Bruce Alberts

Bruce Michael Alberts ( born April 14, 1938 in Chicago, Illinois) is an American biochemist and until 2005 he was president of the National Academy of Sciences.


He studied at Harvard University, where he received his doctorate in 1965. In 1976 he became a professor at Princeton University. In addition to its excellent reputation as a biochemist (especially for his work on protein complexes in the regulation of Chromosomenreduplikation ), he is also known as editor of the worldwide standard textbook of molecular biology.


1975 Albert was awarded the National Academy of Sciences Award in Molecular Biology, 1995, he received the Gairdner Foundation International Award.

The Michigan State University (1996) and the University of Tel Aviv ( 2005) awarded him honorary doctorates.


The famous worldwide standard textbooks of molecular biology are often just called "Little Albert " and " large Alberts " in the teaching of students and teachers. However, the "small" has also been a range of over 900 pages, the "big Alberts " has a circumference of over 1800 pages. These books are, as is typical of American textbooks, constructed relatively loose, and waive any for German textbooks often typical " compactness " in favor of course.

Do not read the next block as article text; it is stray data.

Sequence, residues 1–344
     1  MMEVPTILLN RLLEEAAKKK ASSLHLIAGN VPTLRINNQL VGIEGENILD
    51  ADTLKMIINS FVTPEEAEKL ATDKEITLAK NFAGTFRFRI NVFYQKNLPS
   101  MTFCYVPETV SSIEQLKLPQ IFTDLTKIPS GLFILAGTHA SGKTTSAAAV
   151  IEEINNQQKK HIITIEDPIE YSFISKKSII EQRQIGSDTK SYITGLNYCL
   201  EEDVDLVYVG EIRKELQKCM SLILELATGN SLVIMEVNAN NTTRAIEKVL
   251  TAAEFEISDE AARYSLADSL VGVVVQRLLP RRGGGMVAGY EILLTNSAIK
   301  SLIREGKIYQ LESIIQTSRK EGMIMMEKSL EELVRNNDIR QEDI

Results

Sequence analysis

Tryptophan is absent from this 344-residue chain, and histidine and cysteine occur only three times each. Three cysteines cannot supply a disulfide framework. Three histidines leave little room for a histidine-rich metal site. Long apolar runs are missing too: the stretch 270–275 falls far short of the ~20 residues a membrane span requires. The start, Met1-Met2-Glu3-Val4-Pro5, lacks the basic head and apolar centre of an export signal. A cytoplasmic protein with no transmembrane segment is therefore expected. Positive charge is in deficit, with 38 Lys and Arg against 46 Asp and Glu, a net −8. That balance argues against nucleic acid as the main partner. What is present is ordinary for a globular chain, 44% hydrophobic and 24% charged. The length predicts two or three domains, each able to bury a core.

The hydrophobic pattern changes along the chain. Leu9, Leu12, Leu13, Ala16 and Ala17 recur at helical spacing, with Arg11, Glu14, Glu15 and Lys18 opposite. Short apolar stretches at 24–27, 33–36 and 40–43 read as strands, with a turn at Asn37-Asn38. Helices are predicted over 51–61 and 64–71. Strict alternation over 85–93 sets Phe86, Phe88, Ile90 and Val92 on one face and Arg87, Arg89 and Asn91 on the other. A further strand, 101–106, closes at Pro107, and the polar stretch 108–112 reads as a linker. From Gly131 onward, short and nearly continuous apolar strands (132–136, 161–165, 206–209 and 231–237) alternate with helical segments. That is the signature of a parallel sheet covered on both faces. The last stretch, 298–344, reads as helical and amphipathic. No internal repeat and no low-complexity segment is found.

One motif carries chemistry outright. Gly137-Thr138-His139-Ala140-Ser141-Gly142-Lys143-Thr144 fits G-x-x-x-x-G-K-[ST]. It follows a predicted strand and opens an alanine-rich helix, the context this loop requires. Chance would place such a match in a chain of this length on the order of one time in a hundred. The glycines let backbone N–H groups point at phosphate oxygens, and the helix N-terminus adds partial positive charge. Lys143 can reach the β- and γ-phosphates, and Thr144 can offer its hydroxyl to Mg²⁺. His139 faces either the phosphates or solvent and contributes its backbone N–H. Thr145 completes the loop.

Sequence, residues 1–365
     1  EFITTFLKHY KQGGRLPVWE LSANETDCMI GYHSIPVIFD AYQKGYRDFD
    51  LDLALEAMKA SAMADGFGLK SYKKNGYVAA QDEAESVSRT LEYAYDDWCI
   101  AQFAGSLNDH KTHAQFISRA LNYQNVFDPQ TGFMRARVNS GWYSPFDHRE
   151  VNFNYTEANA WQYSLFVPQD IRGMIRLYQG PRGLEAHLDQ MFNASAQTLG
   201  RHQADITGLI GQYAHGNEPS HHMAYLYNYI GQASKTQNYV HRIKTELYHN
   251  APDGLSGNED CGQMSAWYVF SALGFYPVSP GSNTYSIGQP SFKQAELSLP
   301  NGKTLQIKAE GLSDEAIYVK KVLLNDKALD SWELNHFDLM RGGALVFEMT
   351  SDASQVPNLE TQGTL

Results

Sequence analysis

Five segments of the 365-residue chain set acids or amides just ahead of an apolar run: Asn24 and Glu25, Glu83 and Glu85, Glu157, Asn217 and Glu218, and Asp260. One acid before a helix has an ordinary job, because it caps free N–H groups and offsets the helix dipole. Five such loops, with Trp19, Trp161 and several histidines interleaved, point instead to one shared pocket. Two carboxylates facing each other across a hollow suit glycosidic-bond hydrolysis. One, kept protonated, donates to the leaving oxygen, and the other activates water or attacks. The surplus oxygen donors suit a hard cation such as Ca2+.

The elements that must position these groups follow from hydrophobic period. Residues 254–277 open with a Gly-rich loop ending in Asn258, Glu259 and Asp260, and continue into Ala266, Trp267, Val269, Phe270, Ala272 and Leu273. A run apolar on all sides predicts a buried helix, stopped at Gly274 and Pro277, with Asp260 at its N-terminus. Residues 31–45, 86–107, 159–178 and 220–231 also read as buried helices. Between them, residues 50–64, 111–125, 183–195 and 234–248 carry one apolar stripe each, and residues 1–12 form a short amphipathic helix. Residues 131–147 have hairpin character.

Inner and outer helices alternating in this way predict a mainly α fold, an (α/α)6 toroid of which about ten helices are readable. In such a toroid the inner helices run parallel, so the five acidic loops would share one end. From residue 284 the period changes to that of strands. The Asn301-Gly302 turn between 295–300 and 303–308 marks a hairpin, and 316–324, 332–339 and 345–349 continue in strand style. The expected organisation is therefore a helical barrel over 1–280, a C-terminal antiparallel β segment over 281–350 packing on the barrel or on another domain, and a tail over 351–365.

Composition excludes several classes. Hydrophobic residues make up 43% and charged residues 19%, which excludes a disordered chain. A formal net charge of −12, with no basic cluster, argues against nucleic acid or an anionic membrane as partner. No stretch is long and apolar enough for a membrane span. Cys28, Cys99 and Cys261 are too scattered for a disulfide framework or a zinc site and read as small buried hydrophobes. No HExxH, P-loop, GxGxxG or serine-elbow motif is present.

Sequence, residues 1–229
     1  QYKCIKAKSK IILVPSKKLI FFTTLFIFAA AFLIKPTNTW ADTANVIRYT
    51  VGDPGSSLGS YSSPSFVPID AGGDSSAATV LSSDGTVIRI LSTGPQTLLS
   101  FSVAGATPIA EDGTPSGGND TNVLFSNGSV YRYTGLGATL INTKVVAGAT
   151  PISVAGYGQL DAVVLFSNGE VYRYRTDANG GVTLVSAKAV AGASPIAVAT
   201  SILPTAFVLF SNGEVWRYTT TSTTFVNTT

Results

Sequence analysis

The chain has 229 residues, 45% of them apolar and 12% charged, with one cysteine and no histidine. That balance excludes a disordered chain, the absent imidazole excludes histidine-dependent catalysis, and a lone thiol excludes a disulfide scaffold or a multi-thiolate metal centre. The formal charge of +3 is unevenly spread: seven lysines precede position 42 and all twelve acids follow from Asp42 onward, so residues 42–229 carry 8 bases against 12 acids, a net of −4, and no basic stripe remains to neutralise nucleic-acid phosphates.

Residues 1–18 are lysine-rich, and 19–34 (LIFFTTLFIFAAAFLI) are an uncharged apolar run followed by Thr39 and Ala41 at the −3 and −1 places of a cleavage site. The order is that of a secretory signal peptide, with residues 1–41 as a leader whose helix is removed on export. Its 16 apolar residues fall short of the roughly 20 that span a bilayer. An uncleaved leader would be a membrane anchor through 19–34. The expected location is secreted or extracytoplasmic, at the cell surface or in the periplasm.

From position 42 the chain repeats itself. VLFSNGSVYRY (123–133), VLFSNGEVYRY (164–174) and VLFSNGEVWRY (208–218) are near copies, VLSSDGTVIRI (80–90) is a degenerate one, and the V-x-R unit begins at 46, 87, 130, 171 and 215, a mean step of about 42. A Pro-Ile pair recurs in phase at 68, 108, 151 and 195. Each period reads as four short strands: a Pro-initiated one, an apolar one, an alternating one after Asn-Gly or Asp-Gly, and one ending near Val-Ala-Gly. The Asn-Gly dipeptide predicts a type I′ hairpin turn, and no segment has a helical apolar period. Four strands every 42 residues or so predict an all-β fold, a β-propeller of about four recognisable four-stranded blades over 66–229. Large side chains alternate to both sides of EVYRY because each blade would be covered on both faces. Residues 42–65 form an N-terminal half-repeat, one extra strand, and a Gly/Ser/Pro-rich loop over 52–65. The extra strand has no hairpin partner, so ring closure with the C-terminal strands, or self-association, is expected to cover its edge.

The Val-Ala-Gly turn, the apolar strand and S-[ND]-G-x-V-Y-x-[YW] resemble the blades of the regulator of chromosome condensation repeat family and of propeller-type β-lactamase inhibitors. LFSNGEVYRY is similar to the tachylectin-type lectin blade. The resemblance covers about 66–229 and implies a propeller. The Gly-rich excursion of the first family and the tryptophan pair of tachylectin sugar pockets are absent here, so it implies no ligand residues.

• Textbook of Molecular Cell Biology "little Albert " (B. Alberts et al. ) 3rd edition 2005, Wiley -VCH Verlag ISBN 3-527-31160-2
  • Molecular Biology of the Cell " great Alberts " (B. Alberts et al. ), 4th edition 2003, Wiley -VCH Verlag ISBN 3-527-30492-4

Both books have been translated into numerous languages ​​and have been published in various editions.